Some of the best spoons are the most-simple spoons. Little Cleo, Phoebe, Kastmaster and Daredevle all come in multiple color patterns, but there’s little use for those beyond simple gold, copper and nickel patterns. These are sometimes “touched” with a single swipe of red, green or blue color along one edge. Effective weights range from 1/32- to 1/4-oz. Choosing one of these weights is a matter of water speed and depth, much the same as when choosing a spinner for the job at hand.
Jig colors are similarly chosen—the bright colors for clear water and sunny days, and dark colors for stained water and cloudy days. Effective sizes are small—1/64- to 1/16-oz. measured mostly by the weighted jig head. Profiles should be slim, much like jigs used for crappie. Trout Magnet is one brand that consists of 1/64-oz. shad-dart heads in bright nickel and brass finishes. The hook is finished with a soft-plastic body with a split tail, available in myriad colors.
A favorite jig-fishing tactic is to fish two of these small lures in tandem. Tie the first one onto the end of 4-lb. monofilament line, leaving about 15 inches of “tag line” hanging off the jig head. Tie the second jig onto this tag of line, reducing the space between the jigs to 10 to 12 inches. These can be cast for tightline drifting in holding water, sometimes with a small split-shot added for additional weight about 15 inches above the lead jig. The rig also can be fished beneath the small, foam floats that come with the lures for controlling the depth of the presentation.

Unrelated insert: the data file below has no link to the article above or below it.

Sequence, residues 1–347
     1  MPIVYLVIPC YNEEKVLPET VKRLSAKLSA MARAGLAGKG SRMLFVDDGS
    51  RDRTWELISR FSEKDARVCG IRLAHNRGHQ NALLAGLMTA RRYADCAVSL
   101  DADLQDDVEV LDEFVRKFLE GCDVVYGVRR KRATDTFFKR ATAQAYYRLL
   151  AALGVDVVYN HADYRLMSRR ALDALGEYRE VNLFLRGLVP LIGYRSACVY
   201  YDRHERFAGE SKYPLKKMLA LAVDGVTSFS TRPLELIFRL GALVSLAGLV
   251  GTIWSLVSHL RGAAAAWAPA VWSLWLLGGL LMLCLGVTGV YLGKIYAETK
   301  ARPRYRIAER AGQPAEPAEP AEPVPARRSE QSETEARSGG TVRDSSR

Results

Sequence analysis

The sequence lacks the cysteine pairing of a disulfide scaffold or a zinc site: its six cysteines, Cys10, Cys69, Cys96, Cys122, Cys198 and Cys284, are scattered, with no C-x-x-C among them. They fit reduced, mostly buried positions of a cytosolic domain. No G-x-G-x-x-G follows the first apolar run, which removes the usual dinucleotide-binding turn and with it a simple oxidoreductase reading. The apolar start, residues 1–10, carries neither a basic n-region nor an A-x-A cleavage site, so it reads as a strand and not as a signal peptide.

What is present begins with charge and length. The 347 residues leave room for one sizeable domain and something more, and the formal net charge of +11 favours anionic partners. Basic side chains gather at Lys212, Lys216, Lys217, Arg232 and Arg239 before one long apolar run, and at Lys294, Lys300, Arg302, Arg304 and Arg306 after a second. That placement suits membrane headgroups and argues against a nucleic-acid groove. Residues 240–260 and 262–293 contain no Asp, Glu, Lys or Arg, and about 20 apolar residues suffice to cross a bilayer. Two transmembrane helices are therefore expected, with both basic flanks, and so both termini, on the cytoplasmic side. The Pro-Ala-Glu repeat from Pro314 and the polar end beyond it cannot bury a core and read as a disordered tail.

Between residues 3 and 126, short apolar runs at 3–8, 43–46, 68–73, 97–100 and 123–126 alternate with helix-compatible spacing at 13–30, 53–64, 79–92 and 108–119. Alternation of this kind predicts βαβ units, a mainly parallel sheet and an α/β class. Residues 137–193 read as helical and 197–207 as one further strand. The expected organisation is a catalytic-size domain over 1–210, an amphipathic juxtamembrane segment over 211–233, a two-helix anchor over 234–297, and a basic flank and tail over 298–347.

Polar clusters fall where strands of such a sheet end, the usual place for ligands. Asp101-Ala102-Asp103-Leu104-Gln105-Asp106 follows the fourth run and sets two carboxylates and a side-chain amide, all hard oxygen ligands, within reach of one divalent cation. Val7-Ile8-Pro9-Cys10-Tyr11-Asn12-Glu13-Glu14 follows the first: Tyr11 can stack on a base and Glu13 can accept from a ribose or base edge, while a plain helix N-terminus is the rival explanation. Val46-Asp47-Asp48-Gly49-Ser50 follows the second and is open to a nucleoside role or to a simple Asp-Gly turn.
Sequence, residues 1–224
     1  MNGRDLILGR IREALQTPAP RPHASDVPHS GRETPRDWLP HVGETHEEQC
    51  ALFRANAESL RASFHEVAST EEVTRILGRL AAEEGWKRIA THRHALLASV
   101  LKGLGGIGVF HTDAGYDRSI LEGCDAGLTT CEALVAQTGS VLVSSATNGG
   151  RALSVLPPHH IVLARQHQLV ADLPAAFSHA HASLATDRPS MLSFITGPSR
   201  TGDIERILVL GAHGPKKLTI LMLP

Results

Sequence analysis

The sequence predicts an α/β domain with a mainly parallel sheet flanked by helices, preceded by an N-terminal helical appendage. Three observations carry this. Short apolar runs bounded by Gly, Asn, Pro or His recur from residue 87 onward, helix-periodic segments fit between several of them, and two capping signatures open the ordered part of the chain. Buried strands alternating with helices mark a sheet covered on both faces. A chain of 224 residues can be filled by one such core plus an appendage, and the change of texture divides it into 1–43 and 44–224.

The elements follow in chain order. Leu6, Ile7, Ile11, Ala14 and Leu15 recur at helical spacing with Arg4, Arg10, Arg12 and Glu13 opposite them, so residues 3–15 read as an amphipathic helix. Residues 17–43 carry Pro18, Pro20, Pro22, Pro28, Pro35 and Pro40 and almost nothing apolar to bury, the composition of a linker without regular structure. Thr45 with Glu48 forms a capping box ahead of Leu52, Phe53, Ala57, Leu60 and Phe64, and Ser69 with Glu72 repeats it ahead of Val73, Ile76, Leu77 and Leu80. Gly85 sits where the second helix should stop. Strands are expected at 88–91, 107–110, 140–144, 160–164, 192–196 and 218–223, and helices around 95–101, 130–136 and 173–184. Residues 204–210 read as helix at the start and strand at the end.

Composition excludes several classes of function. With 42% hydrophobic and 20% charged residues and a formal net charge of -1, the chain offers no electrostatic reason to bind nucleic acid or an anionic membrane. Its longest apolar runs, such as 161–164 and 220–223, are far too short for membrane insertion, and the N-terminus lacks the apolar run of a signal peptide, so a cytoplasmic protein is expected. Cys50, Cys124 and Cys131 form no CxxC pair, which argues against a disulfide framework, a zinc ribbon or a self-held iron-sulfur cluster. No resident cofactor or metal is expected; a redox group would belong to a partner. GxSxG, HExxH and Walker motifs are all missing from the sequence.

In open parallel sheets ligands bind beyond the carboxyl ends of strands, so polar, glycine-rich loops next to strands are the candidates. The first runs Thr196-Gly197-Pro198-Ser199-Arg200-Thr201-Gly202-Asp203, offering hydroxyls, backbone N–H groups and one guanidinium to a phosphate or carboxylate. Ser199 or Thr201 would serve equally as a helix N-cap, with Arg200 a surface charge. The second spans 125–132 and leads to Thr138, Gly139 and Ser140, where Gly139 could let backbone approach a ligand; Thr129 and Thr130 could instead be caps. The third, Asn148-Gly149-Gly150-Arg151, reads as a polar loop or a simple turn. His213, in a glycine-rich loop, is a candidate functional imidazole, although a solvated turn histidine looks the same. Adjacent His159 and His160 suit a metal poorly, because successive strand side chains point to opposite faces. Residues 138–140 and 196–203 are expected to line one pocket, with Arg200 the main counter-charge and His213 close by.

Tips And Tactics
Spinners, jigs and spoons cast downstream will quickly rise to within just inches of the surface when retrieved or simply held motionless in the current. Active trout will chase or rise to a shallow-fished lure, but more trout can be caught deep on lures any time of year, especially in water temperatures colder than 48 degrees. That’s easily accomplished by choosing a lure weight that compensates for the speed of the current and the depth of the water.